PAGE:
10. After 15 seconds have elapsed since you started your first observation, make your second observation. Follow steps 16-18.

  11. Continue making observations until you have made at least 24 measurements (6 minutes consecutively).

  12. If you have to miss a measurement on the 15-second interval for an unintended reason (e.g. something obscures your view of the plume, the wind changes direction and impedes your ability to view the plume from an appropriate angle, something gets in your eye, etc), simply mark the space with a horizontal line on your reporting form. Make sure you make 24 actual observations, not including missed intervals.

  13. Many regulations allow smokestack emissions to exceed 20% for 6 minutes per hour. Thus, if you are concerned that an industry is out of compliance with these stipulations, you may want to observe more than one six-minute set to demonstrate a pattern of opacity exceedance.

Calculate Results

Once you have recorded at least 24 opacity observations, you will want to find the highest 6-minute average. Note that some states and tribal governments require different averaging times. Most states use the federal standard of 6 minutes, but it may be worthwhile to check your state or tribe’s state implementation plan (SIP) or tribal implementation plan (TIP), or contact your state environmental agency to check.

  1. To start, add the estimated opacities of the first 24 measurements you made. If you had to miss a measurement interval unintentionally (see #21 above), make sure you add the first 24 actual measurements you made. Divide this sum by 24. Record this value as the average opacity for the six-minute section evaluated.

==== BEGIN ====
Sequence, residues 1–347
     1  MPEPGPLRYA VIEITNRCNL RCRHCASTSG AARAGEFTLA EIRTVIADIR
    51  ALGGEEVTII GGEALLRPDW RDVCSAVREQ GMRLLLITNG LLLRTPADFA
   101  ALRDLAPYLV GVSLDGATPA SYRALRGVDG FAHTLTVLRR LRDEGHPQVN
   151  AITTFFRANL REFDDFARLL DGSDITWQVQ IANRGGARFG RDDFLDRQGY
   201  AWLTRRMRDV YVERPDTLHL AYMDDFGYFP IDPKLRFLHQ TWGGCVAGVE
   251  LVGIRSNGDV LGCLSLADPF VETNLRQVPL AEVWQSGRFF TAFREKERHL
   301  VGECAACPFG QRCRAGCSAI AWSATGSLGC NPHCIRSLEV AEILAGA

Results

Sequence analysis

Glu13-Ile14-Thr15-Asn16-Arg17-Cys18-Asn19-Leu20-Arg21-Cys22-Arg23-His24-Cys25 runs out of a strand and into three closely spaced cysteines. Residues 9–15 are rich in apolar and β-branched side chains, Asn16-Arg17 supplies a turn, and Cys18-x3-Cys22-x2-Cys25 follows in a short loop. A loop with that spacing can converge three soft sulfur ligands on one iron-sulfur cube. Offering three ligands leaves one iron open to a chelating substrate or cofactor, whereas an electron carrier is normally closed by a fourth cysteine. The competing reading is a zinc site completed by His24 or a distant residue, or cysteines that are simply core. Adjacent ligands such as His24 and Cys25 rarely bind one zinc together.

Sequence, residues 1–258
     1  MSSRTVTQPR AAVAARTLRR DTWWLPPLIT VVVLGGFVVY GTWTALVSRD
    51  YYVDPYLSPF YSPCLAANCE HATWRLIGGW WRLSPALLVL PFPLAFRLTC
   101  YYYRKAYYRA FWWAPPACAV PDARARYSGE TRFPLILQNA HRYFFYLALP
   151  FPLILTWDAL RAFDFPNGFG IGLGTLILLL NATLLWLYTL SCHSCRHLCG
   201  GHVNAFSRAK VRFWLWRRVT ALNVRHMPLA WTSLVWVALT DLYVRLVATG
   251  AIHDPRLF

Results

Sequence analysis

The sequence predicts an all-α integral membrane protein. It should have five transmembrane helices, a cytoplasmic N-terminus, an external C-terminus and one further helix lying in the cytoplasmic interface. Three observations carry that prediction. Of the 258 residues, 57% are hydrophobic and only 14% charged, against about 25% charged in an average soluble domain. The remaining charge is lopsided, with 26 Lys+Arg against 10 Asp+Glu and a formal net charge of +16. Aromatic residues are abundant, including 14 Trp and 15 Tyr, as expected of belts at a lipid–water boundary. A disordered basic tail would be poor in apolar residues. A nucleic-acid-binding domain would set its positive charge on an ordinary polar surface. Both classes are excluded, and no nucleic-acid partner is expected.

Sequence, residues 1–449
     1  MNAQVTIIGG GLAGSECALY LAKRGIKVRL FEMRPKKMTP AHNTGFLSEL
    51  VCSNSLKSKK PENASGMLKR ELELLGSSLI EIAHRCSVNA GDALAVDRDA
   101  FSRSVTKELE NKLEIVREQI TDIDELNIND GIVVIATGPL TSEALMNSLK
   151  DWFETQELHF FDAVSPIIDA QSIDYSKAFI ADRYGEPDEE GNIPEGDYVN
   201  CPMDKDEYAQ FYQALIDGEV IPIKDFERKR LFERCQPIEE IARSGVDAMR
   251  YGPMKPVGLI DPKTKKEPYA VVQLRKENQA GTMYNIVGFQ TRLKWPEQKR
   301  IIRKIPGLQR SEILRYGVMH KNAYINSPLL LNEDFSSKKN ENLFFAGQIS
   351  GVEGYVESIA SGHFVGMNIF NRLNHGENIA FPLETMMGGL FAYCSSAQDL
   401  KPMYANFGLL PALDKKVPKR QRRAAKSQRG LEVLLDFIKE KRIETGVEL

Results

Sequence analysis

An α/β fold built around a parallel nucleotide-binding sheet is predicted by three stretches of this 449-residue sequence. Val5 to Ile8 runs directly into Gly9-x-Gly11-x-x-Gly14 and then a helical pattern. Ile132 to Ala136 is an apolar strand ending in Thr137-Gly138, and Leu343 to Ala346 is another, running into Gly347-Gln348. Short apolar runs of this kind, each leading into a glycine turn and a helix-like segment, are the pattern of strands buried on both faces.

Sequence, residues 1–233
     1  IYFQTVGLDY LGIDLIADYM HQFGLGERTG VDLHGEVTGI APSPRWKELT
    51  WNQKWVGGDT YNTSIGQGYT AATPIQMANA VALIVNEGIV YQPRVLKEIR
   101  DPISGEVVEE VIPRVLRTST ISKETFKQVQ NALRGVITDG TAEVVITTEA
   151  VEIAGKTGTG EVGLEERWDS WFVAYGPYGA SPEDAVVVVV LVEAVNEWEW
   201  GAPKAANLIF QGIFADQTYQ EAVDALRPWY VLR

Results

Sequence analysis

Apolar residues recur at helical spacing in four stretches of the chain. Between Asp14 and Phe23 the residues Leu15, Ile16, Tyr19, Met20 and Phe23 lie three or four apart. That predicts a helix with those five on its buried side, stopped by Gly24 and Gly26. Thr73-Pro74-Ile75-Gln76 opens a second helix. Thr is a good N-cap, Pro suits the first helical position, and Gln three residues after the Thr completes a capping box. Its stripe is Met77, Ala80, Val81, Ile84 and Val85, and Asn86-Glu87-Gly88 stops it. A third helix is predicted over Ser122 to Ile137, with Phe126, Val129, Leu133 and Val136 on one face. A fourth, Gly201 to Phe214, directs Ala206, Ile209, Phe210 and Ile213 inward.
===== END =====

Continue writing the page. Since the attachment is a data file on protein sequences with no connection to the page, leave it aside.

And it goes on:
2. To find the next rolling average value, start with your second measurement and sum 24 consecutive measurements from there (e.g. measurement numbers 2 through 25). Add these 24 values, divide by 24, and record this value.

  3. Find the next rolling average value by starting with your third measurement and summing 24 consecutive measurements from there, dividing by 24, and recording your value.

  4. Continue to find subsequent rolling average values until you have covered all measurements you made.

  5. Report the highest average value.

Report Results

The exact process for reporting your Visual Emissions Opacity monitoring results varies from state to state. It is highly recommended to contact your state environmental agency (e.g. your state DEQ or DNR) to discuss their preferred reporting process from community members, as information on their websites is often catered to industries who must conduct these tests to demonstrate compliance.

Generally, required documents that must be submitted to the appropriate division within your state environmental agency (usually termed the Division of Air Quality or something similar) include:

  1. the Method 9 reporting form

  2. documentation for your certification

  3. Possibly information regarding the company’s permit number

Be prepared to explain and defend your observations, particularly if you have estimated distances or heights of emissions outlets, missed observations, or observed steam plumes. Pictures can be very useful to demonstrate your location and add credence to your estimates.

Additional Resources

Please refer to the EPA’s Visual Emissions Field Manual for more information:

Further information about particulate matter and visible emissions on Public Lab’s website can be found at:

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Looks great!

i noticed two formatting issues. There seems to be a missing research note in the section:

If you are unsure of whether or not this method may be of use to you please see two additional research notes:
Thoughts on Method 9 and its Utility and

also, the numbers' sequence is being re-set by Markdown, so when you reference a number it isn't quite showing up.

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@stevie awards a barnstar to gretchengehrke for their awesome contribution!